First, I wanted to say that I love this rice. I made it with your Mole' recipe for Thanksgiving and it was a hit. But, I would recommend that you include instructions on how to use the achiote seeds. I found some at a International market in Fort Wayne, IN surprisingly, and I was excited to try it this way. Unfortunately, it was on Thanksgiving day that I realized you didn't explain how to use them and went to another website. It said that they needed to soak overnight, and I didn't have time. I had to rush out and buy saffron only an hour and half before the meal, which like you said is expensive. Needless to say, I love the recipe and I'll have saffron to make it today. :) This time I'm gonna make Mahi Mahi tacos with it. Thx!
I'm apologizing for using the wrong name (Elyse)in my intro to my comment earlier. I looked above not thinking about it too clearly.
I added it in there! Thanks. You just need to let the achiote seeds fry in a couple tablespoons of oil for a couple minutes over medium high heat, and remove them before adding the rice... Enjoy!
No worries!Pati Jinich replied to comment from Kristy | December 3, 2010 6:01 PM
This is delicious, now I need to practice some restraint. I can eat this rice all day, every day. Thank you, thank you, thank you.Norma Townes | September 13, 2011 2:37 PM
My pleasure Norma!Pati Jinich replied to comment from Norma Townes | September 14, 2011 12:01 PM
I spent a college semester in Mexico. I was a poli sci major with a concentration in international relations. I went Mexico to improve my fluency in Spanish. I lived with a professor's family and dined well. One of my favorite dishes was a green rice that was so spicy. It was served as a first course. I would appreciate it if you would post the recipe. The rice was almost like a risotto; Perhaps that was because the denota was hakf Italian. And I am wondering if it had a touch of cheese. Many thanks!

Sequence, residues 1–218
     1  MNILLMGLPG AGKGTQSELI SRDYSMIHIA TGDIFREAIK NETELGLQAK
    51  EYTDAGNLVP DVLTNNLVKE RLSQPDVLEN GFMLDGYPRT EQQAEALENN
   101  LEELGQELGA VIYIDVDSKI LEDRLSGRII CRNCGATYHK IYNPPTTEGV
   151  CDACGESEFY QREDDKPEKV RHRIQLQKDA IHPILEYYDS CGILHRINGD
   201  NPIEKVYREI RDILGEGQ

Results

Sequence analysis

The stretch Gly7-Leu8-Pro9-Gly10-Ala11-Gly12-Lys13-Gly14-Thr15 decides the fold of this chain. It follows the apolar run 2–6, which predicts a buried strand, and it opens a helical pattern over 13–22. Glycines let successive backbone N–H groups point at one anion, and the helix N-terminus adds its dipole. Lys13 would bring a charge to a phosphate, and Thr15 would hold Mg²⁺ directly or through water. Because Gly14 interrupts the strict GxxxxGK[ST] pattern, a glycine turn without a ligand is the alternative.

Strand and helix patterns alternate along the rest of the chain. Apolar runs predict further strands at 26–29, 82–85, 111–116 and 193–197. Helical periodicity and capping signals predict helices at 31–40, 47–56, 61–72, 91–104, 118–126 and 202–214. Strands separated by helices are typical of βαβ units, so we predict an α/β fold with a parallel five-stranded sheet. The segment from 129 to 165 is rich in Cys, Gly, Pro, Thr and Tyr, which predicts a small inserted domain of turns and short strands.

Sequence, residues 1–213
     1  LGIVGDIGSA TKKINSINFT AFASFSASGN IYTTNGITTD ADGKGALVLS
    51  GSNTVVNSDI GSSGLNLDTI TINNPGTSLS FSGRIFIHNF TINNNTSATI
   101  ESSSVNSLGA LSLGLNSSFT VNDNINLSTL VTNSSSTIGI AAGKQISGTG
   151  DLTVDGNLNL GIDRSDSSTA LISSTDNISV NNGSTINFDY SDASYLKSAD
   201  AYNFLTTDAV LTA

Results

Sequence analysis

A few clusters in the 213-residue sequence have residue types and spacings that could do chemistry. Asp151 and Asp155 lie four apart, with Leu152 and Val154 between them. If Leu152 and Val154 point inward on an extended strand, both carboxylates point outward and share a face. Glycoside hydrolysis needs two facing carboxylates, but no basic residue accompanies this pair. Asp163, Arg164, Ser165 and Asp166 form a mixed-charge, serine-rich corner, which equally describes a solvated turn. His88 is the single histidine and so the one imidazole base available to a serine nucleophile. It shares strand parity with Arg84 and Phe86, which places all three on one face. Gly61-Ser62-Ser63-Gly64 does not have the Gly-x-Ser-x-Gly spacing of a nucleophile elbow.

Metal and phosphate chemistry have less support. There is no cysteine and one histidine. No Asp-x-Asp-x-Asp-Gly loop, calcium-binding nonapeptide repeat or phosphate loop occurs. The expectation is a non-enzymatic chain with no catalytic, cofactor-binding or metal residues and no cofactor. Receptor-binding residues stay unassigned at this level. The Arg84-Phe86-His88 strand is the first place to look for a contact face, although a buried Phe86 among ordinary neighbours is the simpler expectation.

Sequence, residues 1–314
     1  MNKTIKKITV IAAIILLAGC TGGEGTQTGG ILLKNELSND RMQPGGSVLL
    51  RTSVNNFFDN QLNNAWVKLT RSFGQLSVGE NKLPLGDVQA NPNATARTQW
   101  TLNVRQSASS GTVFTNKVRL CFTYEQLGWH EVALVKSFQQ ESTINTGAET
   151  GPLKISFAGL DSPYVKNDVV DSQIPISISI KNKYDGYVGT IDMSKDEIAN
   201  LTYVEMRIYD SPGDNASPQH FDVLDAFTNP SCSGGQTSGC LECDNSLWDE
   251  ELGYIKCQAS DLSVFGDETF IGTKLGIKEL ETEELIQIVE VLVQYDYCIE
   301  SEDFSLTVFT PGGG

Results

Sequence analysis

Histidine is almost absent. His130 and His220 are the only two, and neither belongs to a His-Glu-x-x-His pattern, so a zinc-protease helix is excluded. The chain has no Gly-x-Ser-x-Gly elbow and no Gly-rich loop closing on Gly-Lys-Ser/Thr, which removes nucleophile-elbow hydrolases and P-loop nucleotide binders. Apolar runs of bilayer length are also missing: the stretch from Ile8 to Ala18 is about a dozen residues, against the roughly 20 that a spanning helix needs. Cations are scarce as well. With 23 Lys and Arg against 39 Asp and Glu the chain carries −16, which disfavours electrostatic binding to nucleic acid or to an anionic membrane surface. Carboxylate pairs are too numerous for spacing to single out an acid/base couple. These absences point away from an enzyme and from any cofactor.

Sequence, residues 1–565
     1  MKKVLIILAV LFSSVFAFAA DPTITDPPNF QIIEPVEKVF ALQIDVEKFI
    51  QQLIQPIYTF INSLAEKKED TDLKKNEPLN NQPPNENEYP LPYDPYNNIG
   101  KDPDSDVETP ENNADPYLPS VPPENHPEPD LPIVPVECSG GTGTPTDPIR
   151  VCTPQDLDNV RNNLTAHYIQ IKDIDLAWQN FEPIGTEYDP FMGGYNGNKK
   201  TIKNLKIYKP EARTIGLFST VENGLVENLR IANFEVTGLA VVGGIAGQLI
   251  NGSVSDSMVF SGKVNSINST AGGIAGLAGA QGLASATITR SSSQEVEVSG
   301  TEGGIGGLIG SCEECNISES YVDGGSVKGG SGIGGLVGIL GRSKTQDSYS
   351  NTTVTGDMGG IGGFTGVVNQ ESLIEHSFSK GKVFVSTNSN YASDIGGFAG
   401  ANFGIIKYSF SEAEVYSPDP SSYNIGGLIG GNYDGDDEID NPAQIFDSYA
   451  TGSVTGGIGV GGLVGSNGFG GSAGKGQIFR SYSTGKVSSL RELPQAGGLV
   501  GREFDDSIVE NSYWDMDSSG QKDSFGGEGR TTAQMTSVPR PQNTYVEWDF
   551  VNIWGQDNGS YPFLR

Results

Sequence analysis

You are talking about Green Rice and it is my favorite of all of the Mexican style rices, I will try to post a recipe soon. There are many versions, some with cilantro, parsley, and different kinds of green chiles... And yes¡ Adding cheese on top is a great and popular option after it is cooked.Pati Jinich replied to comment from Joanna | January 5, 2012 10:49 PM
I wanted to make this rice so I went to the Latin section of my grocery store and found the powdered achiote, and the seeds so I got both to give them a try. I also found a little bag of something that was labled "zaffron" that looked like dried flowers. It was very inexpensive, only about a dollar, and I was just wondering if it was the same thing as saffron. I always hear that saffron is the most expensive spice and was just wondering if it was too good to be true. A little help?
Hm... If it says "zaffron" and it is $1.00 most likely it is not pure saffron, but maybe saffron mixed with other ingredients combined with it being not the most refined... I don't think it will be harmful, but probably not the taste you'd expect from true, pure saffron.